The DJ reports on yesterday's Congressional hearing (before the House Subcommittee on Courts, Intellectual Property, and the Internet) about the federal courts in Federal judges from 2 California districts ask for more judgeships. The hearing was titled "The Need for New Lower Court Judgeships, 30 Years in the Making."
- Congress decades ago abandoned its long-standing policy of regularly expanding the federal courts to match population growth. The results have been especially noticeable in fast-growing western and southern states, from California to Georgia and North Carolina.
- Chief Judge Kimberly J. Mueller of the U.S. Eastern District of California and Senior Judge Larry A. Burns of the U.S. Southern District of California, each testified that their courts need several new judges. The Eastern District also has two vacancies, while the Southern District has five.
- “We need at least five new judges, and we have the infrastructure to house them and their staff,” Mueller said. “We urgently ask your help to meet the needs of the public we serve.”
- Mueller compared her court’s predicament to the speedy conveyor belt in the famous chocolate factory scene in “I Love Lucy.” The court has had just six judgeships since 1978, when the district’s population was half what it is today. She said partly because of the two vacancies, the district’s caseload is effectively almost three times the national average. The result is that the court ranks 93rd out of 94 federal districts in its time to close cases.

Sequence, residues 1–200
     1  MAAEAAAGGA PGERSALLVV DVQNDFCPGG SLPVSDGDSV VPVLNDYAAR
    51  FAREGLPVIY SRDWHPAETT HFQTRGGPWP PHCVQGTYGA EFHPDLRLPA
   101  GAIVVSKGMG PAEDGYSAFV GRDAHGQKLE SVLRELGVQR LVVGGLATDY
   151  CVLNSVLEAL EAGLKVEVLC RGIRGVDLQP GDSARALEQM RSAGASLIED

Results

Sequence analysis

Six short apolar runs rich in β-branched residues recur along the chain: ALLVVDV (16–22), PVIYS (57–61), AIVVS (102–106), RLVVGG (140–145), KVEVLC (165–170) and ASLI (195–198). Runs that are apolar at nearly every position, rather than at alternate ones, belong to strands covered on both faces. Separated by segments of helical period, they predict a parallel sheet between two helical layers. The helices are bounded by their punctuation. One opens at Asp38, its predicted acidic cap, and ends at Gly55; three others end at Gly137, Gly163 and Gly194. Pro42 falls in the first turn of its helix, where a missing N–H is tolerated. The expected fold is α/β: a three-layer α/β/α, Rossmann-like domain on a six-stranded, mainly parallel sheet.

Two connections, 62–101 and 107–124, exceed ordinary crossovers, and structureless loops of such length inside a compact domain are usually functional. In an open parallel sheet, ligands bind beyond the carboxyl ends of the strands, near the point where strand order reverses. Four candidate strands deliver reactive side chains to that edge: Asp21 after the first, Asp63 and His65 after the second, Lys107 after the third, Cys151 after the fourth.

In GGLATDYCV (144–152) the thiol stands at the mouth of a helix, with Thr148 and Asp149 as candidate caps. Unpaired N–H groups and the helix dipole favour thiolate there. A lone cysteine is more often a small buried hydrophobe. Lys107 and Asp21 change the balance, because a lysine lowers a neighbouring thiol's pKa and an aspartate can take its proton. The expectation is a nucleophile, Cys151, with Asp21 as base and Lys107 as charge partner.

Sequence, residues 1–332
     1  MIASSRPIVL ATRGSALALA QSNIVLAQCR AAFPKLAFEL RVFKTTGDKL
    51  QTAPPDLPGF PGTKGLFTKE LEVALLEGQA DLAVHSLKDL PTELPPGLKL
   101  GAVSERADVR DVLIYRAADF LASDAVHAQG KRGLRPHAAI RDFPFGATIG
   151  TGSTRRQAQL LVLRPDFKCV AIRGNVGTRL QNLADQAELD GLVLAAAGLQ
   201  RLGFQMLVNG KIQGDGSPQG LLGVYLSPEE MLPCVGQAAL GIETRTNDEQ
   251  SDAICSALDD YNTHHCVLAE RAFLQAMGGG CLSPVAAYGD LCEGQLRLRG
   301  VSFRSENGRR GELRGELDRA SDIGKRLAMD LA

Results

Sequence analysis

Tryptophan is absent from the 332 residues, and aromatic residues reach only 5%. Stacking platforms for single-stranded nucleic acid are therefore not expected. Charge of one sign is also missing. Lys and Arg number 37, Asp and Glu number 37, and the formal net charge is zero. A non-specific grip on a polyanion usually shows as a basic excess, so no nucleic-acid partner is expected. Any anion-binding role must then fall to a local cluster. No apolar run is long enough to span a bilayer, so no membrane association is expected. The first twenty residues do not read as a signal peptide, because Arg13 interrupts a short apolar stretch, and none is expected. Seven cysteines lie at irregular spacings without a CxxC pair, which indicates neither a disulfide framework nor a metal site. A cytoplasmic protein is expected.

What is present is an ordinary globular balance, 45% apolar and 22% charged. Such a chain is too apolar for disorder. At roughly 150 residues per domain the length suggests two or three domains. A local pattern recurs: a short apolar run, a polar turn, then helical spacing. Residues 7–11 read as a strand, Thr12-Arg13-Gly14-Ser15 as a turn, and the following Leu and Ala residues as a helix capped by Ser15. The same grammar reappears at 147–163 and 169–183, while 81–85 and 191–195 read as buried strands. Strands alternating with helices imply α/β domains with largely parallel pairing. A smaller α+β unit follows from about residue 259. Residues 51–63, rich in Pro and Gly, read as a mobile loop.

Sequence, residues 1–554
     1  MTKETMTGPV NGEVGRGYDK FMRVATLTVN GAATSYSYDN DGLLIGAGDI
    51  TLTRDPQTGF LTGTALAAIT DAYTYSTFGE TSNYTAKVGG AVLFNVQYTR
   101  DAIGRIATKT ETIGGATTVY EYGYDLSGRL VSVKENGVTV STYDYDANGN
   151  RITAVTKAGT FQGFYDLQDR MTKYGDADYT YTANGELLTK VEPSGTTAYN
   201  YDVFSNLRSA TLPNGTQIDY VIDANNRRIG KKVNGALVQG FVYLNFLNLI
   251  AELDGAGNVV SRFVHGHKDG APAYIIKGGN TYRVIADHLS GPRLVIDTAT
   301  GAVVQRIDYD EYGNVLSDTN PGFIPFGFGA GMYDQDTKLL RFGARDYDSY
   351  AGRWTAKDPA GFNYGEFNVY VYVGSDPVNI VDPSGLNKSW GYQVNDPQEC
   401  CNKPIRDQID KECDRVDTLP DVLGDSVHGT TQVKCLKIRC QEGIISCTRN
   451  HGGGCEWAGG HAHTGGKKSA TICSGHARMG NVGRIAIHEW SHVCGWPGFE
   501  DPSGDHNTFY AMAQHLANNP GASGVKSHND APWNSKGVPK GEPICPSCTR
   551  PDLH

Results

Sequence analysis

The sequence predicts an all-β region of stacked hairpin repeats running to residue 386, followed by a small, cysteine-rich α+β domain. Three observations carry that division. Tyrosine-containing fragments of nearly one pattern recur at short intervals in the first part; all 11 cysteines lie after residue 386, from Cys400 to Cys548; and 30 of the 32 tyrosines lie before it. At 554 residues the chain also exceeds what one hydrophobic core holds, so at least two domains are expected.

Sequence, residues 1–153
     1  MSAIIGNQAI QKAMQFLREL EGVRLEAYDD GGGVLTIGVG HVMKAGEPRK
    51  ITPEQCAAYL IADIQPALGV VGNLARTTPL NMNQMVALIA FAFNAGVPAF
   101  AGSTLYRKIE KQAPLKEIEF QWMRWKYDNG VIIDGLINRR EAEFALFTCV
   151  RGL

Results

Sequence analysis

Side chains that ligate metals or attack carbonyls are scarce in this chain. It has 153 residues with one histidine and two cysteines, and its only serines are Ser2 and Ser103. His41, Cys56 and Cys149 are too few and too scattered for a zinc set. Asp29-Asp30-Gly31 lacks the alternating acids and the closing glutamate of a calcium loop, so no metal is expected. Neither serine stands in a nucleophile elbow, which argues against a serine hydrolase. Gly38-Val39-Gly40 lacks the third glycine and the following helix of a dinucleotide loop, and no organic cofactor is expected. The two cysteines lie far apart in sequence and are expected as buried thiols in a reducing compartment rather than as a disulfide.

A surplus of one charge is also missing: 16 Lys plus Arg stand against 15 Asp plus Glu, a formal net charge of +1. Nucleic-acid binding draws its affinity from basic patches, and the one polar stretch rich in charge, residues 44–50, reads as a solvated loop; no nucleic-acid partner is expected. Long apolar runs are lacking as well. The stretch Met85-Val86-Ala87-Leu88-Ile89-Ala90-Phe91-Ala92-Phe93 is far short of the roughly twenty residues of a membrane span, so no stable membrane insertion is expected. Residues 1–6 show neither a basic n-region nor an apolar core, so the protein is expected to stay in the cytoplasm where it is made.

- While the hearing was mainly about the district courts, it almost inevitably turned into a debate over the 9th U.S. Circuit Court of Appeals. Republican members have long criticized what they see as the court’s liberal bent and have often proposed splitting it in two.
- Vanderbilt Law School professor Brian T. Fitzpatrick testified the Supreme Court has reversed the 9th Circuit more than other courts. He endorsed splitting the circuit, with Southern California being placed into a new circuit while other Western states and Northern California share a circuit with Oregon and Washington.
- California Rep. Ted Lieu, who clerked on the 9th Circuit for Judge Thomas Tang, said he’s open to splitting the circuit. But he also accused Fitzpatrick of cherry-picking his data.
“Since 2005, the 9th Circuit has never been highest in terms of being overturned by the Supreme Court,” Lieu said. “Mr. Fitzpatrick is misleading us.”